When I have fears that I may cease to be
Death. Destruction. Dreams dashed in one fell swoop. Death isn't a peaceful sleep or an easy descent into old age in Keats' work. Instead, it's a particularly bitter reminder of all the things that the poet imagines he'll miss in a world that's teeming with beauty and wonders. Keats may think a lot about death, but that doesn't mean that he's comfortable with his own mortality. Luckily, he seems to enjoy dwelling in uncomfortable spaces.
Questions About Death
- Why do you think that the speaker starts the poem out with a declaration of his fears of death? How does this affect your understanding of the rest of the poem?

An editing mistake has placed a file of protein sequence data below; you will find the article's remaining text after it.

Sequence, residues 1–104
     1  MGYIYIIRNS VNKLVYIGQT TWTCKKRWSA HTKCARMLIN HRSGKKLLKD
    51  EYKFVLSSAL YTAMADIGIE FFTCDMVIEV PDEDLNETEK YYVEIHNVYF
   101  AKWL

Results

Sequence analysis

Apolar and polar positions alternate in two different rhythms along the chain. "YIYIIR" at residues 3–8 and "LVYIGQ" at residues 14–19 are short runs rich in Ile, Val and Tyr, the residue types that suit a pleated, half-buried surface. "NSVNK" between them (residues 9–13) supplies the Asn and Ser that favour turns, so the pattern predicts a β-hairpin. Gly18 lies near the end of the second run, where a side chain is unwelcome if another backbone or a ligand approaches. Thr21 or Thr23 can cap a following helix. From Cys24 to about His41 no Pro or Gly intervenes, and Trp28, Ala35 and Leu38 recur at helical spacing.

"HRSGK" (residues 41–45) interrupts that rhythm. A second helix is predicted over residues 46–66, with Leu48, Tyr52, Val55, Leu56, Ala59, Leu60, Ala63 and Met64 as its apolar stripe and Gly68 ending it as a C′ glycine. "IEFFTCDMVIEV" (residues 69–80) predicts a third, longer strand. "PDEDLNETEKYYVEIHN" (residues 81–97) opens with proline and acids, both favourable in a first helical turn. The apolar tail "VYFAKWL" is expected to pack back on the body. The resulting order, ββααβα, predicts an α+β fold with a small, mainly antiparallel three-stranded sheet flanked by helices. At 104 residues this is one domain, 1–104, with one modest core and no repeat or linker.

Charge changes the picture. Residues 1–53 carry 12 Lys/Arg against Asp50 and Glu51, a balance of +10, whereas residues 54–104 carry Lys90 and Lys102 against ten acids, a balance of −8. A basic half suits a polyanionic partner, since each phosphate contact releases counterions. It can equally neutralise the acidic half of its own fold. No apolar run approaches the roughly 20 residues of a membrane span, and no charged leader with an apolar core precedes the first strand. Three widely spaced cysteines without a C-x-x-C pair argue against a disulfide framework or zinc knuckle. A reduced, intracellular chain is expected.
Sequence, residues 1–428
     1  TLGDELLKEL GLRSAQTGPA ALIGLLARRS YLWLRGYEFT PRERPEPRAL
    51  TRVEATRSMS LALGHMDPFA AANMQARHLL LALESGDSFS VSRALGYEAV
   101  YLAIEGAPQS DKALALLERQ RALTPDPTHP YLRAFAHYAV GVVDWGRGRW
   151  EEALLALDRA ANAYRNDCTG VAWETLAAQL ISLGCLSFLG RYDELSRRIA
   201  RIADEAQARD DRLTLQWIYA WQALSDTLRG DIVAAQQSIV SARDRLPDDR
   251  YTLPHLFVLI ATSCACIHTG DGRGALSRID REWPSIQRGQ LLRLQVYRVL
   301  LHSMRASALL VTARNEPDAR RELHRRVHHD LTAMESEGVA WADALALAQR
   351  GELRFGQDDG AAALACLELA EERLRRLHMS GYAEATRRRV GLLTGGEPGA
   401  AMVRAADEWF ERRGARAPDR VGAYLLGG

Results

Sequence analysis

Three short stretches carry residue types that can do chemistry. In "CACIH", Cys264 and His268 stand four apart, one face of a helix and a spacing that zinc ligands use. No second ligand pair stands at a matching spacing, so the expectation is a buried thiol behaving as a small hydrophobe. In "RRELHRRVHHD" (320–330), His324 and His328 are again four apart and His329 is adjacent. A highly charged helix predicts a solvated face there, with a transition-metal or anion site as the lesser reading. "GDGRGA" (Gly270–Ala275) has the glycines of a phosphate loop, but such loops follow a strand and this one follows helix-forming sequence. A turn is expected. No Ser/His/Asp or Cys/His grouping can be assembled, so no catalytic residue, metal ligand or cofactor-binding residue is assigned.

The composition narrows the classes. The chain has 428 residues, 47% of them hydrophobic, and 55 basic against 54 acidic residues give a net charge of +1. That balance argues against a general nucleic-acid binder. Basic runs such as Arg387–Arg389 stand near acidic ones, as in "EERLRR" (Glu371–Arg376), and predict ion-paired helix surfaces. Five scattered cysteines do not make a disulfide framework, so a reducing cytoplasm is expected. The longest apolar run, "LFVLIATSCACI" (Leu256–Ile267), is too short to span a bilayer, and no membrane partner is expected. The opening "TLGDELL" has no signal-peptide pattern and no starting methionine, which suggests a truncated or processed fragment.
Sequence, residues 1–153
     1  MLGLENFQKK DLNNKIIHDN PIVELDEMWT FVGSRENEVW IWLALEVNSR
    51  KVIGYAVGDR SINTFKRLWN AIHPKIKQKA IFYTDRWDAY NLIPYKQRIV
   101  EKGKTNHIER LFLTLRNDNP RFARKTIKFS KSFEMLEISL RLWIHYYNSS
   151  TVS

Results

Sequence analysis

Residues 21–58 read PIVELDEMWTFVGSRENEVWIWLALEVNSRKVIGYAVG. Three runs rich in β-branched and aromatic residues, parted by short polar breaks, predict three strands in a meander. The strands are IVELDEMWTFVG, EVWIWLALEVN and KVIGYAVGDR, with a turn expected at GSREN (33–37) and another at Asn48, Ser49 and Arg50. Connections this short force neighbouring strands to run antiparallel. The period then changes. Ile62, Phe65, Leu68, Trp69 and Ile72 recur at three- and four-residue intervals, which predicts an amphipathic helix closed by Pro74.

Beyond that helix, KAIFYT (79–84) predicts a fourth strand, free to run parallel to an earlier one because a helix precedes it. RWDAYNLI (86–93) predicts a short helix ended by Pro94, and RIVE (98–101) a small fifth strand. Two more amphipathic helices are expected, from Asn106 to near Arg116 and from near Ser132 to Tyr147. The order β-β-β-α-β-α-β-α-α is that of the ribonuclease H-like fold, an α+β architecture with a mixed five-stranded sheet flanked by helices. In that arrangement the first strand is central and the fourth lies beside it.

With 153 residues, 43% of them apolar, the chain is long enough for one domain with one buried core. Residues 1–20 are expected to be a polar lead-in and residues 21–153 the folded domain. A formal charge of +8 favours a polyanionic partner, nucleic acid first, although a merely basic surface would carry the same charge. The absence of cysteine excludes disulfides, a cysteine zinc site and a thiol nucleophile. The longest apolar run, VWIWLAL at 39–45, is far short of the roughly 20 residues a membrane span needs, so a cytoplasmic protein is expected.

- Do you think that the speaker has reconciled himself to the possibility of death by the end of the poem? How can you tell?
- Does it seem like the speaker is exaggerating his fears of death?
Chew on This
By the end of the poem, the speaker feels more comfortable with the idea of his own mortality.
By the end of the poem, the speaker is even more afraid of dying.